July 2017 was meant to be Carl Frampton’s homecoming fight in Belfast. The Northern Irish fans had waited some time for their hero to return to home soil after having a number of contests stateside. His traveling support were legendary, and now was the time for the home fans to enjoy their moment. But there was something clearly wrong when Frampton failed to make weight. A dejected looking fighter was berated by his disappointed promoter. We know the rest: the following day his opponent suffered injury after a freak accident and the whole event was cancelled. In the coming months, Frampton – along with other Irish fighters – departed from the McGuigan’s Cyclone Promotions. And, in all honesty, some feared for the organisation’s future.

But – and here is another cliché – one man’s loss is another’s gain, and in this case the man happened to be Scotland. The tension in Ireland prompted McGuigan to focus on his rising star, Josh Taylor, and look across the Irish sea for other opportunities. Cyclone quickly signed Jason Easton, an exciting Edinburgh fighter, Lee McGregor, an outstanding young amateur, and Martin Bakole, a ferocious heavyweight trained by Billy Nelson, towards the end of year. They also work closely with Stephen Simmons, an established cruiserweight chasing the British title. Crisis averted, it seems, as Cyclone put on two successful shows in Scotland, and more are scheduled for 2018.

Taylor and Cyclone have all the potential to deliver what Burns and Warren/Matchroom did in Scotland. But, even more promisingly, there is also a commitment to developing and showcasing more Scottish talent. Taylor is the star but there is a number of rising prospects who will be given resources, opportunities and television exposure to progress.

East coast boasts a successful year and a number of prospects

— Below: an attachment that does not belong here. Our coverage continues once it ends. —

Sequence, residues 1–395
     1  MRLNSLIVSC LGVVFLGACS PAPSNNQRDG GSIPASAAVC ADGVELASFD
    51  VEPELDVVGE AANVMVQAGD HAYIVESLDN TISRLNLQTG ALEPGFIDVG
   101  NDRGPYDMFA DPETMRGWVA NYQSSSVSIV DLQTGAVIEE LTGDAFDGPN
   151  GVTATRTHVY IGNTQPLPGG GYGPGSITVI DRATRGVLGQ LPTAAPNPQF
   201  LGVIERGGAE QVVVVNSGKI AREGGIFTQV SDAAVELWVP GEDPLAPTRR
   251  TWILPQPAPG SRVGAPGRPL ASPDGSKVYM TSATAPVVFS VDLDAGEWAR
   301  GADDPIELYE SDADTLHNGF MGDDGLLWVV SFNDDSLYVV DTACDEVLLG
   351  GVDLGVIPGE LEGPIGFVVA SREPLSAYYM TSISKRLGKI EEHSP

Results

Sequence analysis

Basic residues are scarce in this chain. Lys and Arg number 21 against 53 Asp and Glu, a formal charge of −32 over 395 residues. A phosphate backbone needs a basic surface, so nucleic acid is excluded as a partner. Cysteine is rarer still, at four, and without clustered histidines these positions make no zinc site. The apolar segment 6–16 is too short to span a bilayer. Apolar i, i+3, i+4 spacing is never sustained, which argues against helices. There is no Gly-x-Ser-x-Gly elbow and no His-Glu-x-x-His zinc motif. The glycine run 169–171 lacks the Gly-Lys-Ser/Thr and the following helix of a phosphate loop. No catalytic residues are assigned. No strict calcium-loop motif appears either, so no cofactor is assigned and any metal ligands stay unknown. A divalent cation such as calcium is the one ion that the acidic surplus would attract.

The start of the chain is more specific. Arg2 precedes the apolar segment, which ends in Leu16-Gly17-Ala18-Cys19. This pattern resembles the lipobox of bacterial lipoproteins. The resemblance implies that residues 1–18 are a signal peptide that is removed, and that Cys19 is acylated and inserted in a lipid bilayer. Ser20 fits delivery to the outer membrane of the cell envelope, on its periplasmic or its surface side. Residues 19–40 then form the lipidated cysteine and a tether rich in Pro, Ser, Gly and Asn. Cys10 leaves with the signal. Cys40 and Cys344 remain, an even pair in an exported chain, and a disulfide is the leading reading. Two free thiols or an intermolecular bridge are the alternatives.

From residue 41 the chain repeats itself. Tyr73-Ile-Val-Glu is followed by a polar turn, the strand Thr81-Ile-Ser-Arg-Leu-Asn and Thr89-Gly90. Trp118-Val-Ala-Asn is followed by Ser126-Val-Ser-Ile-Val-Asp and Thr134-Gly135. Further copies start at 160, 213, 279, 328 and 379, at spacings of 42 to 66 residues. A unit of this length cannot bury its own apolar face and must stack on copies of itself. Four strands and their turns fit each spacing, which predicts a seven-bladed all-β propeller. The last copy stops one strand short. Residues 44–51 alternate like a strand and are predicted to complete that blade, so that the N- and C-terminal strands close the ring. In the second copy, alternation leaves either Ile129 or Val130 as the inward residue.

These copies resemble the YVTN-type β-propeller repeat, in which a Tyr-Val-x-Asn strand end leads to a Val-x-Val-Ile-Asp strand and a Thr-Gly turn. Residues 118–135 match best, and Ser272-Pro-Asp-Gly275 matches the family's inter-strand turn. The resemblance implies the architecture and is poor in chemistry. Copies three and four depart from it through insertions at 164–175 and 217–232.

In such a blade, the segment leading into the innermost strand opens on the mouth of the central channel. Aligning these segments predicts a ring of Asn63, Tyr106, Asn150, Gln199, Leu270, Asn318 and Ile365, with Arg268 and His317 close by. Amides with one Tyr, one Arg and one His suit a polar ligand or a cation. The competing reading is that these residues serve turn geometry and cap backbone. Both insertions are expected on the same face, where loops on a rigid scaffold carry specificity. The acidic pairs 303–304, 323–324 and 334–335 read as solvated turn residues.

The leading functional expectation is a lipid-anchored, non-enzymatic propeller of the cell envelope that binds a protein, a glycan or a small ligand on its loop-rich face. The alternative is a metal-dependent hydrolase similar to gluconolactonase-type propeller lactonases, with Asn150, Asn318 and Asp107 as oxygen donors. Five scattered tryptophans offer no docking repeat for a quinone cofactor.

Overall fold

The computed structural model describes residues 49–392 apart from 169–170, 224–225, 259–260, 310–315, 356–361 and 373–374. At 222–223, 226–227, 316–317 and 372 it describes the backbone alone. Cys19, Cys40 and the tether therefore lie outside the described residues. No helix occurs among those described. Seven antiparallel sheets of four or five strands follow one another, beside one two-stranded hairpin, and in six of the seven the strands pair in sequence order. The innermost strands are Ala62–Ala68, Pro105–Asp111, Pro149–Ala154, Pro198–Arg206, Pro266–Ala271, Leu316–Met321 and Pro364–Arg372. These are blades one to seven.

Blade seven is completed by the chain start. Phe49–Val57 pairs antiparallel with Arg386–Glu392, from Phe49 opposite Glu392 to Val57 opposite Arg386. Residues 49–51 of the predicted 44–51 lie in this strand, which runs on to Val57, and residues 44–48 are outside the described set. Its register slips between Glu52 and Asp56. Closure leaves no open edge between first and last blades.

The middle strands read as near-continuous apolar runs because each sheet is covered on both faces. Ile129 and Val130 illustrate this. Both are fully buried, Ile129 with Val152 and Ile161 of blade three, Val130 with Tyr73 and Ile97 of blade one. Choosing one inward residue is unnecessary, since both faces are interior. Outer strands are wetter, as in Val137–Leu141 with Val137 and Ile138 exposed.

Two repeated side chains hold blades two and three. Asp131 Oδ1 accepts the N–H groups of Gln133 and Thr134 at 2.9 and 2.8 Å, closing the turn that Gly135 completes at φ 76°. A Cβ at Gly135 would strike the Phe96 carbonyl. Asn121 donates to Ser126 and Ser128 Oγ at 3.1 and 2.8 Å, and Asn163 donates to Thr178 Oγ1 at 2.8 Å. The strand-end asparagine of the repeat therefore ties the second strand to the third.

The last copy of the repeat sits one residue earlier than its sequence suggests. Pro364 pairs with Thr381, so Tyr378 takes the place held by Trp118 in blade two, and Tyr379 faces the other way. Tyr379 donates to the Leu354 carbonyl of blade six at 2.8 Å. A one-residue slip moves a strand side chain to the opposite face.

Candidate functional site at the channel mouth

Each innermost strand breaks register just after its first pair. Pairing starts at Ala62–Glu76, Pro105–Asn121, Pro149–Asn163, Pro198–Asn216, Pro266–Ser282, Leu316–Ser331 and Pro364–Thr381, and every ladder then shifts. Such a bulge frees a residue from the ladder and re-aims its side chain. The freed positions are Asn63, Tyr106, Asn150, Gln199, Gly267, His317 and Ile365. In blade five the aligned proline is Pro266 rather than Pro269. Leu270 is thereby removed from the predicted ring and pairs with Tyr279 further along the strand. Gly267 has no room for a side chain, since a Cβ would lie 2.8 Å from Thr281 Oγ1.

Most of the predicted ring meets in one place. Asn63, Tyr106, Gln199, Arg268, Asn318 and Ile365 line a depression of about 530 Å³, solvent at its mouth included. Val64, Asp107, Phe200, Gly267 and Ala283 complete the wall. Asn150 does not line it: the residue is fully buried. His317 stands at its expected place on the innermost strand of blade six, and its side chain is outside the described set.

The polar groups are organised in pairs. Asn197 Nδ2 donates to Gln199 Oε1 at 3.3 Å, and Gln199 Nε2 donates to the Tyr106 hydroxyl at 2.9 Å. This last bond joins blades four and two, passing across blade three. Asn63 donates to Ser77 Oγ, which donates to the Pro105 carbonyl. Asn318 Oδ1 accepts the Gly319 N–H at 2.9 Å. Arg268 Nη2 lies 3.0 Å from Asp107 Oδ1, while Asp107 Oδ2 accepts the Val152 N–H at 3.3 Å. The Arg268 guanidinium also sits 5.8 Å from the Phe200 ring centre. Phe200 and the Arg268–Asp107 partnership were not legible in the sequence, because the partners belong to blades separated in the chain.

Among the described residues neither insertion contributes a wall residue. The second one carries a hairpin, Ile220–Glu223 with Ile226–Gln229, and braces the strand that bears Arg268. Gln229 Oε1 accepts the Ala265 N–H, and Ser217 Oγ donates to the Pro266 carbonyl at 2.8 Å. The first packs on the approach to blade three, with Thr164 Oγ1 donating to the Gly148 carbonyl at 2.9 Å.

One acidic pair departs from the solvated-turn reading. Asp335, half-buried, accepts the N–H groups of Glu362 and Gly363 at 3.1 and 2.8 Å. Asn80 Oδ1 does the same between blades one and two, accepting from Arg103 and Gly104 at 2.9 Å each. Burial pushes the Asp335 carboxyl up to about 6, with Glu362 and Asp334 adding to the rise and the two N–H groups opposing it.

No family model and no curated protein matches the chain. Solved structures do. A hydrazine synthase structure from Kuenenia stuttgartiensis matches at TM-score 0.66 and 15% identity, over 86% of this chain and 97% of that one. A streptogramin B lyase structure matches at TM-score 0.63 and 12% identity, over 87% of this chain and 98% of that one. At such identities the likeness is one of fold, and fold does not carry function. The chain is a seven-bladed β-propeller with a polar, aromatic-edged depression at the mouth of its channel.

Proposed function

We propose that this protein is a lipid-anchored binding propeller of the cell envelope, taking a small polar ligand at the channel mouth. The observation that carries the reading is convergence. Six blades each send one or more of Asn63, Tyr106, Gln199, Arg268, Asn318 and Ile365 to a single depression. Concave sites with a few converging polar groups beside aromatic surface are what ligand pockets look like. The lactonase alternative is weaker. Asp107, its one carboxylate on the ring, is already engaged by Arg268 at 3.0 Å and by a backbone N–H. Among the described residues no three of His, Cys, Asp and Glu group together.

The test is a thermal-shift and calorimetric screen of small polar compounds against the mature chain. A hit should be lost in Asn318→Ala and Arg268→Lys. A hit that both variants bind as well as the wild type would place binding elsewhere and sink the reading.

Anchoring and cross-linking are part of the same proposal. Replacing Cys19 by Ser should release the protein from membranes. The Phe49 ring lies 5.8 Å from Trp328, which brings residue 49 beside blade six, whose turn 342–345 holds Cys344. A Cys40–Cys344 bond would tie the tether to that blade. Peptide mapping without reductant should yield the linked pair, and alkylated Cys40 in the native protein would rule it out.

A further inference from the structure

I like to think I’m a multi-faceted being, but I have two clear characteristics: I’m a petty Glaswegian. National pride is all fine and well, but there’s that little bit of extra joy when I see a local fighter do well. However, 2017 seemed to be the year of east coast talent. The world now knows of Josh Taylor, of course; an incredible boxer who can also fight and is destined for world honours. Stephen Simmons is preparing to add to his IBF European belt as he faces Matty Askin for British title in 2018. And the list of lesser known Edinburgh fighters and prospects breaking through seemed never ending last year.

Jason Easton, the recent signing to Cyclone Promotions, will likely become a fan favourite. He’s fearless, relentless, and has – at least for the time being – enough deficiencies in his defence to make any contest a fight of the year contender. He captured an IBO title against an similarly gritty Belgian earlier in the year in a brilliant back-and-forth. Keep an eye out for Easton on all Taylor cards live on Spike and Channel 5. He is too talented to be just a ‘scrapper’: Easton will be a genuine challenger for British titles as he gains experiences on the big stage.